EIP-5081: Expirable Transaction

Hi all, I started a draft for 5081 as a re-pursueing the transaction expiration.

Please find the draft content here: Create eip-5081.md Expirable Transaction by xinbenlv · Pull Request #5081 · ethereum/EIPs · GitHub

Here is a list of previous attempt to pursue the transaction expiration.

Please conment in this trhead.

TODO: consider creating a follow up network EIP to add gosspi_ttl

In response to @MicahZoltu’s comment about DoS attack in which I quote here:

Expiring transactions run into the problem of opening up an attack vector against the chain because someone can submit a transaction (which results in it being propagated around the network, which is not free) and then they end up not having to pay anything in the end. In general, we want every transaction that is propagated to result in a non-trivial cost to the sender.
One option to work around this is to have an expired transaction still be includable, but it would just cost 21,000 gas and otherwise do nothing. The 21,000 gas is to cover signature validation, cold account loading, balance read, and balance write. Maybe it could be a little less, since there is guaranteed to be no second account loaded (recipient).

One solution I can think if is to suggest (but not require) propagating nodes initialize a gossip_ttl and deduct at their choice in the unit of blocknum. The node will only propagate tx that is far enough away from the expire_by blocknum (at least gossip_ttl blocks ahead).

  1. In this way, a malicious transaction signer will risk causing transaction fees should their tx are executed within blocknum
  2. A malicious transaction signer’s tx will not be include for propagation if it’s after or too close from expiring.
  3. A malicious node who ignores gossip_ttl from other node will be waiting their network / processing resource because their receipient of propagation might drop that tx.
  4. Choosing the unit of gossip_ttl to be in blocknum so that propagating nodes with different network behavior protocols can make their choice in this unified way, because gossip_ttl is not network protocol-specific.
  5. Giving control of initializing and deducting gossip_ttl to nodes also gives flexibility for them to come up with dynamic solutions for their network nature.

Credit to: @Arachnid who originally think a concept of gossip_ttl.

I have two problems with a suggested TTL:

  1. If the default behavior is to drop transactions, then the attack vector exists even if people can choose to not drop the transaction.
  2. Currently, miners could choose to drop transactions that fail but they don’t, because it is profitable to include them. This would still be true after this change and it is against a miner’s interest to drop a transaction that they could include.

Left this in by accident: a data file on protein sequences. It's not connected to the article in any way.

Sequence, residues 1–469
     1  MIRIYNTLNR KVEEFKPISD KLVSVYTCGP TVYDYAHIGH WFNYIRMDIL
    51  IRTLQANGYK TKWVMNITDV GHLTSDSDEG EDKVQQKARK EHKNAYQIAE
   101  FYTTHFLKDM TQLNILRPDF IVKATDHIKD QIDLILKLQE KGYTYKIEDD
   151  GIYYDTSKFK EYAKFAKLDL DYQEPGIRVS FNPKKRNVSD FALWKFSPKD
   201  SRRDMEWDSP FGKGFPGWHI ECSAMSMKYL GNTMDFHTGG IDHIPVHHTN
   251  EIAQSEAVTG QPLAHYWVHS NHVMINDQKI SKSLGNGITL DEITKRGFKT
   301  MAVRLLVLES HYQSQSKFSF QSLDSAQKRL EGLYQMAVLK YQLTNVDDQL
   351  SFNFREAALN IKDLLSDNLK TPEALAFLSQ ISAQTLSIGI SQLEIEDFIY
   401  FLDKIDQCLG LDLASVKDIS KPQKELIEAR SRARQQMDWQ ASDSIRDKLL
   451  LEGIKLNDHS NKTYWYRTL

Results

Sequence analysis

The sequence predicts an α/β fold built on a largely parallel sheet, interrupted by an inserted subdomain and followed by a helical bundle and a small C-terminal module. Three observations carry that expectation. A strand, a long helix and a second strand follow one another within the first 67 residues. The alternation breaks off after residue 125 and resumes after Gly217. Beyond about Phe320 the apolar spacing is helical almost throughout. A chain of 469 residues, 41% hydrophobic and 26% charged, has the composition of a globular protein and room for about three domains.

Thank you Micah. I could understand Point 1

  1. If the default behavior is to drop transactions, then the attack vector exists even if people can choose to not drop the transaction.

But could you help me better understand the Point 2 why it’s profitable to include them for miners?

  1. Currently, miners could choose to drop transactions that fail but they don’t, because it is profitable to include them. This would still be true after this change and it is against a miner’s interest to drop a transaction that they could include.

If we say that any tx.expire_by can be included in a block, but with a failed status and charged fee, then yes, miners are incentivized to include that tx that fails. But this is not what we choose. In EIP-5081, I intend to rule this type of tx out completely as invalid tx.

Help me understand in this case is miner still incentive to keep expired tx? It’s not very obvious to me so. I humbly believe no.

Sorry, (1) applies if the transactions become invalid, (2) applies if the transactions remain valid.

If the transaction becomes invalid, then the attack vector is that someone can submit a bunch of transactions that they know won’t be included and the network has to pay to gossip them but the attacker doesn’t have to pay anything other than the cost to construct and send them.

If the transaction remains valid, then miners will include them because it is profitable.

Let me clarify: Yes the current snapshot of EIP-5081’s intended behavior is (1) that tx becomes invalid.
Plus suggesting but not require that node not only drop already invalid tx, but also drop soon-to-expire tx. The threshold of how soon can be decided by implementation of that particular instance of gossip-protocol that the node run.

If that node decide that current block num is too close to the expire blocknum. In this case, the tx will be dropped.

The introducing of expire_by creates three scenarioes worth of discussion:

  1. that attackers could send many already-expired tx e.g. specify a expire_by that is smaller than the current block number: to my understanding, a tx being invalid due to expiration, is no different other scenarios that renders a tx invalid, e.g. colliding nonce. I’d assume our network protocol is already well handling this problem as a solved one. (I will come back with a question about knowledge of the current network protocol though)